The candy cane stripes twirled to the tent’s peak overhead. An opening there admitted a column of moonlight, shot down into the sand pit below. Hillary peered out from backstage, watching the crowd filter in and the excitement mount. It grew in her too, the compulsion to leap into the ring and get started as strong as when she had first begun, all those years ago.
When the tent flaps finally closed and the tiers of seating were packed, the noise and chatter swelled, and the air thickened with sugar of candyfloss and popcorn. Anticipation coated every corner and crany of the tent before exploding from that hole at the top of the tent like lava from a volcano, an irresistible call to the night and any who may be around to hear it… run away to the circus.
In the day, she stood in the ring as Hillary, greying, wrinkles just past the point one could call “laughter lines.” At night, in the cold spotlight of the moon, the heat of the artificial lights and the closely packed bodies, she became a different person, a freer person. A clown, a jester. She was Hiccups. Plastered in colours, orange, pink and blue, she demanded that all turn and look.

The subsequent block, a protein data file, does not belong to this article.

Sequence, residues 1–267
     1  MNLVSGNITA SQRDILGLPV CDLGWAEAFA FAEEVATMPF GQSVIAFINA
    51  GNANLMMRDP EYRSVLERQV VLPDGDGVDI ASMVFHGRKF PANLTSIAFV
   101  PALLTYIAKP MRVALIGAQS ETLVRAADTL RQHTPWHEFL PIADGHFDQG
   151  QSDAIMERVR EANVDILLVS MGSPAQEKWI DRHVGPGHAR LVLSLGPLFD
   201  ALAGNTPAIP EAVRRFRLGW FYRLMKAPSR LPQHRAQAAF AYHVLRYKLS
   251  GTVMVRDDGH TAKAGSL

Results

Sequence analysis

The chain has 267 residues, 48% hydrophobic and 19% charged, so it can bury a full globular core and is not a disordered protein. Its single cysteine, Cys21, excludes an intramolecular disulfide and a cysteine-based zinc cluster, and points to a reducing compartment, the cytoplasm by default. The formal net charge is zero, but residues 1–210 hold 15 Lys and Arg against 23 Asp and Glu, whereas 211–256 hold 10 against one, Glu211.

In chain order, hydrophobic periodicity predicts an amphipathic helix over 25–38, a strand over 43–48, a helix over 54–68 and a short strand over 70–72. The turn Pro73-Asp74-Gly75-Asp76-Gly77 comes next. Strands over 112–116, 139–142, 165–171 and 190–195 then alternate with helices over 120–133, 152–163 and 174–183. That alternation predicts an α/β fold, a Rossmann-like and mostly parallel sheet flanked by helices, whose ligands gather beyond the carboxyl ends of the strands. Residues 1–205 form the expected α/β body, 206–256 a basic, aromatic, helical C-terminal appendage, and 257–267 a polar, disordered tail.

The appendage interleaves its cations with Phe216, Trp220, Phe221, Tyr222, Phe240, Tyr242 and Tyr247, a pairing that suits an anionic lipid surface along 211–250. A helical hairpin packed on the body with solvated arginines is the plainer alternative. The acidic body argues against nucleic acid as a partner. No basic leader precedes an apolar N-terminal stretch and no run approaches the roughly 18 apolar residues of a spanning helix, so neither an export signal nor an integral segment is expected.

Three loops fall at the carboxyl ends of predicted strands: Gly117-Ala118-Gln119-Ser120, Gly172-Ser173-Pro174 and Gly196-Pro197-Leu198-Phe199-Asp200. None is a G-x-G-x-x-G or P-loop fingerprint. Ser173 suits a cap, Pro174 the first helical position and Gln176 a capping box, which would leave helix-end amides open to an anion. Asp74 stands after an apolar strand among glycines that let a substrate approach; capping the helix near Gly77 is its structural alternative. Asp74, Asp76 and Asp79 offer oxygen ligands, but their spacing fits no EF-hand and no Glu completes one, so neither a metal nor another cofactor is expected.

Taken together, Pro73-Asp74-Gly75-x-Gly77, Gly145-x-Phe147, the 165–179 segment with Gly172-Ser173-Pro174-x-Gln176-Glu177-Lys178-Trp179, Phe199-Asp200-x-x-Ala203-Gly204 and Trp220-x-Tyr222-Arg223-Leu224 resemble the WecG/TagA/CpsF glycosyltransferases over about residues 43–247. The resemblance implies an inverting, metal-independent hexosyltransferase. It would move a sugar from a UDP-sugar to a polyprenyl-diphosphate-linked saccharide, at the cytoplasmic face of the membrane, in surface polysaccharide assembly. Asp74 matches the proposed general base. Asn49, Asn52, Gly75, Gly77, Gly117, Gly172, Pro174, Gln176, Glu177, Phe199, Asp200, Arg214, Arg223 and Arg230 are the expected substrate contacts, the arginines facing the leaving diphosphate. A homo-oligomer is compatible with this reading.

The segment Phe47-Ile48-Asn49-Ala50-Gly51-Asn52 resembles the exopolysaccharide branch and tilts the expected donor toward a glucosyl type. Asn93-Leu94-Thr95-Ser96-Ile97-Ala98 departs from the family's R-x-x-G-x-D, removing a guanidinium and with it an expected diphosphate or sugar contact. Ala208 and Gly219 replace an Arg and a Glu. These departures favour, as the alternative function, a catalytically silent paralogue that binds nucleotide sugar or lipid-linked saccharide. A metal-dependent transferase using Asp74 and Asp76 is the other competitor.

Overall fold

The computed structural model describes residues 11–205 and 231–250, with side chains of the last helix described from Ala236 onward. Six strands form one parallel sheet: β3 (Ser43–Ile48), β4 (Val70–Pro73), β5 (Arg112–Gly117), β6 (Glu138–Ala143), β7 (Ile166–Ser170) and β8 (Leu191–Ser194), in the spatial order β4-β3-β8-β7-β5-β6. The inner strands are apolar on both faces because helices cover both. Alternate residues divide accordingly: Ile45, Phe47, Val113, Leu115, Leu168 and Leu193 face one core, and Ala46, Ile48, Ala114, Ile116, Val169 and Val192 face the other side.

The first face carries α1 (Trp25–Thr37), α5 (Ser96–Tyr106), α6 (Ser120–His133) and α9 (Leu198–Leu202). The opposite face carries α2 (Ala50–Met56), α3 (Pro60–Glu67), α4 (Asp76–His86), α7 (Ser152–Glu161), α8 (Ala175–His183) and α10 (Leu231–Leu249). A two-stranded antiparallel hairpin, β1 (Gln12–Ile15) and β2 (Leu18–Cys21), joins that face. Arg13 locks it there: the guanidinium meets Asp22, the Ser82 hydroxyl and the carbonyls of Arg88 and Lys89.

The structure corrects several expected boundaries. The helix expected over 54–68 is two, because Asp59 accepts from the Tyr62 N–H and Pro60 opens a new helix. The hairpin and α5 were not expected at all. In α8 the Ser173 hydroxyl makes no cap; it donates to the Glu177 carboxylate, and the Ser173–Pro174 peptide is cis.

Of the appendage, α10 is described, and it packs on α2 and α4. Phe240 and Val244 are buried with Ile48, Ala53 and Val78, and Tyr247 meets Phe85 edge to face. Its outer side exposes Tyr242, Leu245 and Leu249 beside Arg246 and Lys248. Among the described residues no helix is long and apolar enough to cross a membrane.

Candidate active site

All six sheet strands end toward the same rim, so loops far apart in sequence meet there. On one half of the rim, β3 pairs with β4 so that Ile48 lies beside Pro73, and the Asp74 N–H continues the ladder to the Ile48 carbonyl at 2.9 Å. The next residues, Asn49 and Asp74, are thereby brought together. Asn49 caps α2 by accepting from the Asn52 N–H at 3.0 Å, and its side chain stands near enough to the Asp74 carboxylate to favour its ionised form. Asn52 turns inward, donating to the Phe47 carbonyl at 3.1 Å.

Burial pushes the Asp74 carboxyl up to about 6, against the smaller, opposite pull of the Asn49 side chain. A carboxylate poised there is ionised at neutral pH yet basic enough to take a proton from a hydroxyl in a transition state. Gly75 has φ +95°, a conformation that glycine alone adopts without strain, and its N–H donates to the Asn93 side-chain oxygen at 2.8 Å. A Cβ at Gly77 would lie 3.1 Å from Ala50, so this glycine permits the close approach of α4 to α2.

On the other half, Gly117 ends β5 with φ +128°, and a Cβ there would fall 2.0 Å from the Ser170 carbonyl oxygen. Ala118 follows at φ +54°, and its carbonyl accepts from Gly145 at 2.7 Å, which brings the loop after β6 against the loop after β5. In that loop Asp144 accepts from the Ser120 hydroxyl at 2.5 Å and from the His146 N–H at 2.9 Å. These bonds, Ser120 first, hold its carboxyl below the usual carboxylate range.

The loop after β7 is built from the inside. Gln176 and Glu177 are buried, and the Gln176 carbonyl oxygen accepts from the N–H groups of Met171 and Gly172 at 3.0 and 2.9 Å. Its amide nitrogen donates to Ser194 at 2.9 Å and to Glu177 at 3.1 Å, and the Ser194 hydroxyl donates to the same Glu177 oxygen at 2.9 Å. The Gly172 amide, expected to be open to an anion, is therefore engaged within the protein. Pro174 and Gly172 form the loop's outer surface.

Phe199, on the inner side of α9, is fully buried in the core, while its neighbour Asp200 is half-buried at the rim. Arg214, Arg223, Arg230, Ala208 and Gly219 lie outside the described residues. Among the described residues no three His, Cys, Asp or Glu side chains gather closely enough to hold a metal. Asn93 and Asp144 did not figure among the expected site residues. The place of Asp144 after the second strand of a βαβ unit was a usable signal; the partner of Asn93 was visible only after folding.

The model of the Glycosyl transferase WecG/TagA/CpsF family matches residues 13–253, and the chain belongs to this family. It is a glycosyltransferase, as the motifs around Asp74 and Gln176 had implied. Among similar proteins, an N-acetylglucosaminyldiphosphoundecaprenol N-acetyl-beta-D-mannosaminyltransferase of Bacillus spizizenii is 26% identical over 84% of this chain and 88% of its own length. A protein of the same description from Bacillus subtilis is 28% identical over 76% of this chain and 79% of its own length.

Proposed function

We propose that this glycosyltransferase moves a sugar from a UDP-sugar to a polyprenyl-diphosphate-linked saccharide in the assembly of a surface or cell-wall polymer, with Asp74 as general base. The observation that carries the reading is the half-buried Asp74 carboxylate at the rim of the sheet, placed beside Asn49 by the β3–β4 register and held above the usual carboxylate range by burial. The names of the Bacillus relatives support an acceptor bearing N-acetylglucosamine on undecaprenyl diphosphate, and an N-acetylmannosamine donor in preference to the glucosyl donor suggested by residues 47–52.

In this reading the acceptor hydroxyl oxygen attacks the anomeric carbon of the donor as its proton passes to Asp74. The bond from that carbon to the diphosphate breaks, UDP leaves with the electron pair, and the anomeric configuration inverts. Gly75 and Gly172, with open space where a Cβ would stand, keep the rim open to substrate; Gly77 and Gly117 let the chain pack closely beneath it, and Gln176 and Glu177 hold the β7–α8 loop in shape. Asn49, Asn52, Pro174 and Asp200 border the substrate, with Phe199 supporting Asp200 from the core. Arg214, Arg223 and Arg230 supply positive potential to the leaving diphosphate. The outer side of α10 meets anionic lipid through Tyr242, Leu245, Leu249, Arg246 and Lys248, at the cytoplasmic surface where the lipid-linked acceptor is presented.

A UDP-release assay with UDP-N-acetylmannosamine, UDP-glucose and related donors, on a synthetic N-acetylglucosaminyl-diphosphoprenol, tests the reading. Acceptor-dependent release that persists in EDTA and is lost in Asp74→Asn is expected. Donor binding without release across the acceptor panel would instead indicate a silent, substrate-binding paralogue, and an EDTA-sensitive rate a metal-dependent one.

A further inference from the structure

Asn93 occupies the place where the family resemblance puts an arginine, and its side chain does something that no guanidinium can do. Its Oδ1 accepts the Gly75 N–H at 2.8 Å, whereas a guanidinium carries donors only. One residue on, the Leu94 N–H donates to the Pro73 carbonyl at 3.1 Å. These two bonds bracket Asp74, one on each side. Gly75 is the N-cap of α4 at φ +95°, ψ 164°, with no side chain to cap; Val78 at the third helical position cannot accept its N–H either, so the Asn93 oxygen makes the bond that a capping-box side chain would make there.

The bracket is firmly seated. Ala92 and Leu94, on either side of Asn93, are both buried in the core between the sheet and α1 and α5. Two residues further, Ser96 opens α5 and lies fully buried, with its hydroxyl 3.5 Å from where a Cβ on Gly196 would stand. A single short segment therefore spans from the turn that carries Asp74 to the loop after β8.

What Hiccups did then was near limitless - it only had to be funny. She danced and screamed and threw herself around the ring, sometimes she jumped the barrier and galumphed into the crowd. She balanced herself on top of a ball and rolled around the ring and when she fell the laughter only heightened. It rang and pealed like bells, and the faster she went the higher it rose, into a never-ending wave of shrill hilarity.
But the act had to end and then the laughter would die. Hiccups longed to give them more, even as she stood panting, with sweat melting off her make-up. The crowd adored her, and she adored them for it. And each day came a new crowd, a new place - the circus never stayed put for long. With almost 30 years spent travelling with the circus, the inconsistency fit familiarly, suiting Hillary just fine. Until there came a change Hillary was not prepared for.